Finding God, a book in which he explores our journey toward God and His journey toward us. Crabb opens by exploring his personal journey and his necessity of experiencing God and how it is important for each of us. In the part 2, he examines obstacles to finding him and how they are often driven by wrong thinking and wrong desires. In the final section, he points us to the pathway of of finding God.
Dr Crabb has always struck me as an honest writer, but it seems that in this book, his writing is even rawer than typical. He openly shares some of his wrestlings with God and with others. This type of honesty and self-revelation is a necessary thing for our communities.
One of the messages that routinely finds its way into the pages of this book is that we often place a higher priority on problem solving than on pursuing God (p. 38). Our self-focused culture leads us to believe that our comfort, our satisfaction, and our self-esteem are the ultimate goal. Unfortunately, this message has worked its way into many of our churches as well. Channeling John Piper and CS Lewis, Crabb suggests that our ultimate need is God and any other passions are too weak. He encourages us to seek Christ rather than these other things. In classic Crabb style, he also spends a fair amount of time on relating well to others.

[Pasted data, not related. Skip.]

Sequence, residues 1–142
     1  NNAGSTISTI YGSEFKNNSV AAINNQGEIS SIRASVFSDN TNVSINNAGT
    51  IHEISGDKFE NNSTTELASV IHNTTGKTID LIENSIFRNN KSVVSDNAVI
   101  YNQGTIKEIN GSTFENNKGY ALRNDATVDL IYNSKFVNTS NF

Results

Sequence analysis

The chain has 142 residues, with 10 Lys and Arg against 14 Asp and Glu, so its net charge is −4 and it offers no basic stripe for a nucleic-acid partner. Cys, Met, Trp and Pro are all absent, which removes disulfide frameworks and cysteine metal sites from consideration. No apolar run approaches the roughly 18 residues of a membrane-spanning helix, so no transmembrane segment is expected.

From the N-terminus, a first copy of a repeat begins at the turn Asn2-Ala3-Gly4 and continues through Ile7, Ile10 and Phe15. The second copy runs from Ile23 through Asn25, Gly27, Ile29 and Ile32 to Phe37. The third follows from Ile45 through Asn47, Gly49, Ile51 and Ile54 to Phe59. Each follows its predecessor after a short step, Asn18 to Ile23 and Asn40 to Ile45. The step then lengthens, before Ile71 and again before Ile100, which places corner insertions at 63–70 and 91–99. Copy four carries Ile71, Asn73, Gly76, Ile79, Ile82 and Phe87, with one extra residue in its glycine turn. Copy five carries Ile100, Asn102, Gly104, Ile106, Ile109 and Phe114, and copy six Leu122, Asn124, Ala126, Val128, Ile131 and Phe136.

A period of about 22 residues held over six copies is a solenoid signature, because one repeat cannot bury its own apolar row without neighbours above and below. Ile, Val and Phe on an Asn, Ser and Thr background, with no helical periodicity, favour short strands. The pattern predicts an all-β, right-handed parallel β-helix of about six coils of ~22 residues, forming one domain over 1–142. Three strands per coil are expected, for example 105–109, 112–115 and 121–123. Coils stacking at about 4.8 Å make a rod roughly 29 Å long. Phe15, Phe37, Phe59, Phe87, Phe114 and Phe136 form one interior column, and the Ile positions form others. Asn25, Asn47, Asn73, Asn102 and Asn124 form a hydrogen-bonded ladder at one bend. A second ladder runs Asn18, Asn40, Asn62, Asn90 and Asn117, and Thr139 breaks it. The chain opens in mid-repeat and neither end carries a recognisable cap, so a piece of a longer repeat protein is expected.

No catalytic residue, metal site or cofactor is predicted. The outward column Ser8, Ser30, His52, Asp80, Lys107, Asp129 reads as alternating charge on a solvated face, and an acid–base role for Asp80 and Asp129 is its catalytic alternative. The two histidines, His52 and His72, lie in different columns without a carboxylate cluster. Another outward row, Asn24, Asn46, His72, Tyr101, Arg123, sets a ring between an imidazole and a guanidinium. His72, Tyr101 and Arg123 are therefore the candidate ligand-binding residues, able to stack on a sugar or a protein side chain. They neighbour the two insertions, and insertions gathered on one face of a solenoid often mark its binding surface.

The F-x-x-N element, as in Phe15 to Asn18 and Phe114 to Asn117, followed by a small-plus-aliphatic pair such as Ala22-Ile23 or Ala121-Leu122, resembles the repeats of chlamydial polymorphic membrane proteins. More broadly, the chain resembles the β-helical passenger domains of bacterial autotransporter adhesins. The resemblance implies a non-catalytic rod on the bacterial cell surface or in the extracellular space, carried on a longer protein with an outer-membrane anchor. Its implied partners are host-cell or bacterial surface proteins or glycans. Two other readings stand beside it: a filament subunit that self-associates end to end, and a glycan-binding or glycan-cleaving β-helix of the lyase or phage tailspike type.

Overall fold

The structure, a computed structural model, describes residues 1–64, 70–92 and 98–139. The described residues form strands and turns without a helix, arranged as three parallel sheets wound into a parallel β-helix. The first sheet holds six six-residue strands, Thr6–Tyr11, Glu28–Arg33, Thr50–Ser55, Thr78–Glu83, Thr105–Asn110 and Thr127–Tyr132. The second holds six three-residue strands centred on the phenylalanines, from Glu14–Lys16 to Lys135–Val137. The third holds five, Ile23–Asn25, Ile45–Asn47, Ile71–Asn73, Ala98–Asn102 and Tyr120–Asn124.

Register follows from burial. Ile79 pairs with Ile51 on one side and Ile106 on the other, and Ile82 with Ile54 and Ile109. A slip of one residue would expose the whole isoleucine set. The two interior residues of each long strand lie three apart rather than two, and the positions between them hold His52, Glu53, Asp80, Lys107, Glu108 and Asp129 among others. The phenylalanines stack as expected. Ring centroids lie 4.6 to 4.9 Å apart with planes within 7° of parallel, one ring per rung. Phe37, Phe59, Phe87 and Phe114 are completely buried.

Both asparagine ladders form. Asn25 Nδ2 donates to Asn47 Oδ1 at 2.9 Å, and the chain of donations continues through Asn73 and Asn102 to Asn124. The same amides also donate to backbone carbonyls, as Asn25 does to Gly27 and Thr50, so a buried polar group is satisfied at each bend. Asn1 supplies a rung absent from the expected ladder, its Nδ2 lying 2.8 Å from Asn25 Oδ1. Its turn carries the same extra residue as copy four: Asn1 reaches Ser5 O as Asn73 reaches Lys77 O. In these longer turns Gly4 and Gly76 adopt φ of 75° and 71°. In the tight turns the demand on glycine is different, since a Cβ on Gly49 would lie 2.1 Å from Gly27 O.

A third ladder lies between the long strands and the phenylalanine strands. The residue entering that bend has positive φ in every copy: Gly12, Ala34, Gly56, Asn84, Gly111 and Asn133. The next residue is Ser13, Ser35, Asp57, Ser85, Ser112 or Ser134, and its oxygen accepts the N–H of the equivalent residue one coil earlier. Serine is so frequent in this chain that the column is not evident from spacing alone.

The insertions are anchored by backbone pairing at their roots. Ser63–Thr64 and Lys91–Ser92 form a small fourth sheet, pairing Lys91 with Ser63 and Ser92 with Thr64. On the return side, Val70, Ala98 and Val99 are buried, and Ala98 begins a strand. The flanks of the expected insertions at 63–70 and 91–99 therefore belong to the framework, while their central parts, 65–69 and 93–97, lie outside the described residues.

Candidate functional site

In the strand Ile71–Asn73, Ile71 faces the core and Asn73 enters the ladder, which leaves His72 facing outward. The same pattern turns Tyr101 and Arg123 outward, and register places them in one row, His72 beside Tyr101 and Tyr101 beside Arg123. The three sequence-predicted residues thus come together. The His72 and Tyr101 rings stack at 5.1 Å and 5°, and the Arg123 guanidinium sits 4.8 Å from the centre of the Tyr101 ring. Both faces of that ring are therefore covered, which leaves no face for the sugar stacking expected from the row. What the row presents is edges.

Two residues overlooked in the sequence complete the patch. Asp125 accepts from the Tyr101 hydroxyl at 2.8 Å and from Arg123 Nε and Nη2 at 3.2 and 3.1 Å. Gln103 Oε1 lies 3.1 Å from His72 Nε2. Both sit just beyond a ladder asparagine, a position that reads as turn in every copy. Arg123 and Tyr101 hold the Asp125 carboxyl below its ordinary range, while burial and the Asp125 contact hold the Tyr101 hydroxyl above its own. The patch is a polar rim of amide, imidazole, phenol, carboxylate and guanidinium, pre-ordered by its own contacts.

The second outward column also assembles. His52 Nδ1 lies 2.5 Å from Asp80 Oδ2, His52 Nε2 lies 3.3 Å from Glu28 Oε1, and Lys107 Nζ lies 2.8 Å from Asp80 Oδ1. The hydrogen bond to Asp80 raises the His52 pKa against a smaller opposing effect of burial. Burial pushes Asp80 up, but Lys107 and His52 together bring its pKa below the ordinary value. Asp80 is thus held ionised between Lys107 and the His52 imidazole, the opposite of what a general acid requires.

At the end of the book, he talks about how we can be story tellers. One of my favorite things in this book was this statement: "We in the Christian community need to tell our stories, risking shame and rebuke, because we want to find God. We must keep reading our Bibles and listening to good Bible teachers; we must worship and serve together; we must discipline ourselves to give generously to the Lord's work; we must make Christ known to an unbelieving world. But we must also learn to tell our stories to one another." (page 200).
Like many of Dr Crabb's other books, Finding God provides a God-centered, relationally focused book that will help us to understand ourselves and others better.